On the Grantland Basketball Hour, featuring noted Boston homer Bill Simmons and noted Detroit homer Jalen Rose, there is a segment where they answer questions in the mailbag. In the most recent edition of the GBH, Kobe Bryant was a special guest. When the mailbag rolled around, several interesting questions came out. (The mailbag segment is the fourth video on this page.)
What would you do differently about being Dwight Howard's teammate?... Nothing. How many championships should Kobe and Shaq have won?... At least five, maybe six. Should the Lakers count the five championships the team won while in Minneapolis?...Yes.
Is it true you rejected a trade to Detroit in 2007?... "Yes."
Here's what Kobe said:
(About the Lakers) And I said, I gave you a list of teams that I'm comfortable being traded to. That wasn't one of them, so no.
Simmons: So who was on the list?
Kobe: Not Detroit.
Kobe: Chicago. Chicago was my number one choice of destination.
Kobe also went on to confirm that essential pieces of that trade included Tayshaun Prince, Rip Hamilton and a boatload of draft picks. Here is the video. The Detroit question comes up at 3:10. Jalen appears very disappointed and surprised that Kobe declined a trade to his beloved hometown (Jalen's, not Kobe's), but let's examine, what would have happened if Kobe had waived his no trade clause and joined the Pistons.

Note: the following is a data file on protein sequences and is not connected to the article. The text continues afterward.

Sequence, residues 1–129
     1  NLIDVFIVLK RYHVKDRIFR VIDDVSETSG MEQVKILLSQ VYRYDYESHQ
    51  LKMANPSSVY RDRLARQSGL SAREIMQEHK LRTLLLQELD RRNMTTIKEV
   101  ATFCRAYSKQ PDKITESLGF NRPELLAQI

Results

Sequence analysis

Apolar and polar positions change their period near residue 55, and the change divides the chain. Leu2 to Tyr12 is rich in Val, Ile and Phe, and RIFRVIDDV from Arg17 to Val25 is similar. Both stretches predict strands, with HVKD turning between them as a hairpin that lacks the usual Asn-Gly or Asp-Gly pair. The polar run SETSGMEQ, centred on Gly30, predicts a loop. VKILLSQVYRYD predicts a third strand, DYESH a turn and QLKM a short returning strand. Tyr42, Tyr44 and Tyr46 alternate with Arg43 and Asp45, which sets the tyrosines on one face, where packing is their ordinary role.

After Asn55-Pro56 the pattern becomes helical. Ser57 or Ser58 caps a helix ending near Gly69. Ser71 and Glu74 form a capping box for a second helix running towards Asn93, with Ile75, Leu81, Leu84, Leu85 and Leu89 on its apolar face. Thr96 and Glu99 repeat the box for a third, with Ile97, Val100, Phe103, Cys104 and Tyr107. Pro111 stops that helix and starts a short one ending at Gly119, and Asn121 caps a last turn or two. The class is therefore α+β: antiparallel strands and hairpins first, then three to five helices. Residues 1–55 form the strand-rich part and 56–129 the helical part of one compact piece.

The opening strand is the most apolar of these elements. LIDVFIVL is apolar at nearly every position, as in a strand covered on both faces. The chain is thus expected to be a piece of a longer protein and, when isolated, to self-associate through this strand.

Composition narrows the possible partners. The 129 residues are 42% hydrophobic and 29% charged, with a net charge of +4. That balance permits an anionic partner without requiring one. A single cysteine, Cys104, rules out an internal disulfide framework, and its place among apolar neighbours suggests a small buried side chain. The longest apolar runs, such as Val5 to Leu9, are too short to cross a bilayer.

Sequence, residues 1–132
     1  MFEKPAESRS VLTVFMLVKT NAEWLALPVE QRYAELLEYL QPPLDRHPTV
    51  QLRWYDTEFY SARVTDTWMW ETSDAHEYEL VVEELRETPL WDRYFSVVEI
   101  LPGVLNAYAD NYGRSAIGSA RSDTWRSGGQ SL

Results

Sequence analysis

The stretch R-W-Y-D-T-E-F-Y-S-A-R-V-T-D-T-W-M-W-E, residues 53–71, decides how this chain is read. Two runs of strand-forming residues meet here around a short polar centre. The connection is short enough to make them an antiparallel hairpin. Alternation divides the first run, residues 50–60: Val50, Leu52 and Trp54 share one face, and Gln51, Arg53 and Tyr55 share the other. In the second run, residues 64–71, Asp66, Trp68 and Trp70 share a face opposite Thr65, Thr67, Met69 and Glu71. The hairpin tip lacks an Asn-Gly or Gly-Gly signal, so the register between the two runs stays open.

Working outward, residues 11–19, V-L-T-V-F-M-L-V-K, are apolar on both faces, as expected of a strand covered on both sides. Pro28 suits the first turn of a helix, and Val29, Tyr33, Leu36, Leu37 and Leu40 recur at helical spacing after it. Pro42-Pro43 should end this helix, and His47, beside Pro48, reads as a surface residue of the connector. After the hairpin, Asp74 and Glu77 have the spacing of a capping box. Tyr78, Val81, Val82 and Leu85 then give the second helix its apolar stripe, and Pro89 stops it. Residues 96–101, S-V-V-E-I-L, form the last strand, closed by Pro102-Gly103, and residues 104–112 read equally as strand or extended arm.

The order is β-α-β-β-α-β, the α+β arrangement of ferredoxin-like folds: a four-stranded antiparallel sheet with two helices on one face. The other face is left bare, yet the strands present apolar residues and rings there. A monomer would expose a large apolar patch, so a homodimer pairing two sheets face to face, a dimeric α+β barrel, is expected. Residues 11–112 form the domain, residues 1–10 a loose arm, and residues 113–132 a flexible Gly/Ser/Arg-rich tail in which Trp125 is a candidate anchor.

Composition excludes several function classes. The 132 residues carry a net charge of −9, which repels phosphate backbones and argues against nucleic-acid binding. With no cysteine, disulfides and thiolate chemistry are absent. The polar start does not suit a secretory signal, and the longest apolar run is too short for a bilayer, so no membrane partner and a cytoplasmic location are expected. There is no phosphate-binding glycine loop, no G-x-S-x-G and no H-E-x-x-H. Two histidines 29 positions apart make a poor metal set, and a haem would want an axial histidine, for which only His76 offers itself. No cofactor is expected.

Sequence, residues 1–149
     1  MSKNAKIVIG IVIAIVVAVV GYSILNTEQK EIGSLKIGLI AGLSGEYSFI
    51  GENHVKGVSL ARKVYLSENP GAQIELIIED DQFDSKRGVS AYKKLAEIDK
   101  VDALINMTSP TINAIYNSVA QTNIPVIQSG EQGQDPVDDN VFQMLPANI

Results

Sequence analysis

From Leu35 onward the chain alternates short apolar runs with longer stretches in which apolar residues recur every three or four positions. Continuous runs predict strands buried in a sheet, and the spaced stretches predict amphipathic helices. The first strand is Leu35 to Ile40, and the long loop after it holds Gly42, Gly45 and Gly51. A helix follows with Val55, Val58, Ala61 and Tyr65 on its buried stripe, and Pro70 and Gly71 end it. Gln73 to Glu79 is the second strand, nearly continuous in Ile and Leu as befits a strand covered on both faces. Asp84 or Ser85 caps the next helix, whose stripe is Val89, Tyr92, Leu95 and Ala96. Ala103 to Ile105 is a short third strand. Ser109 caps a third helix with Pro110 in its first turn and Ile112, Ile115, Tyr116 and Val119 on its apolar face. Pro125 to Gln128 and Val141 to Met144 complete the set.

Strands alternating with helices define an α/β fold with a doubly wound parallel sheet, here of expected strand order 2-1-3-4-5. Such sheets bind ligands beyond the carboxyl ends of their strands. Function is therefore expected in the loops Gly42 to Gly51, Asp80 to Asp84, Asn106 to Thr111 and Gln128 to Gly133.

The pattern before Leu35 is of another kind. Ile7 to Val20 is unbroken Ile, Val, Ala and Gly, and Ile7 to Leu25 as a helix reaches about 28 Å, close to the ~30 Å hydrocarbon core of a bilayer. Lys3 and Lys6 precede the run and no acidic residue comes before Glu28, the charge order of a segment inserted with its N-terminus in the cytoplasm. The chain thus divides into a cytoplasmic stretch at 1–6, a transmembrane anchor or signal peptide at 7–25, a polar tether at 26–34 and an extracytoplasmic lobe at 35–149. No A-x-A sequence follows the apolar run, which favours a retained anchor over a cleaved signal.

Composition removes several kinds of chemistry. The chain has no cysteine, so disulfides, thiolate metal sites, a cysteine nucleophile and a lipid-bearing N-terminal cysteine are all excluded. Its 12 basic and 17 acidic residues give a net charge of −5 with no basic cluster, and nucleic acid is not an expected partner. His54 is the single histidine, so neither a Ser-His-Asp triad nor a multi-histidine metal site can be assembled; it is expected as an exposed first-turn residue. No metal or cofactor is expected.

The curious case of Allen Iverson.
If Kobe comes to Detroit, does Joe Dumars then make the trade that sends Chauncey Billups to the Nuggets for a washed up Iverson? In short, no, because the whole point of the Iverson signing was to bring some superstar appeal back to Pistons basketball after a period of frustration. With Kobe there, Chauncey probably stays, and they try a quick rebuild in the hunt for Detroit ring No. 4.
The starting 5.
By trading away 40% of your starting 5, it becomes a question of who steps in. Obviously Kobe comes in at shooting guard, but who steps in at small forward? Do the Pistons play small ball and start a rookie in Rodney Stuckey or Arron Afflalo at the two and try Kobe as a small forward? Do they swing another trade? Amir Johnson and Jason Maxiell are on the roster, as well as experienced veterans Lindsey Hunter and Antonio McDyess. Although Johnson's value and potential was yet unrealized, the other three each could have netted a solid small forward. Or perhaps the Pistons start to realize potential.
With Kobe Bryant on the roster, it's unlikely that the Pistons miss the playoffs the next few years, and therefore force their draft pick to climb from the lottery into the twenties. Detroit had the 29th pick in the draft, and selected D.J. White. But the next few seasons their draft position was 15th or higher. Kobe was on a seven-year contract at the time, signed in the summer of 2004, and would have been locked in until the 2011 offseason. If he was with the team the whole time, the 2010 and 2011 drafts look a lot different.
Let's postulate that the Pistons finish with a record good enough for a top 2-3 seed in the East those two seasons. That would put the Pistons, at best, roughly at the 25th selection. Let's take a look at who was drafted with picks 25-30 in 2010: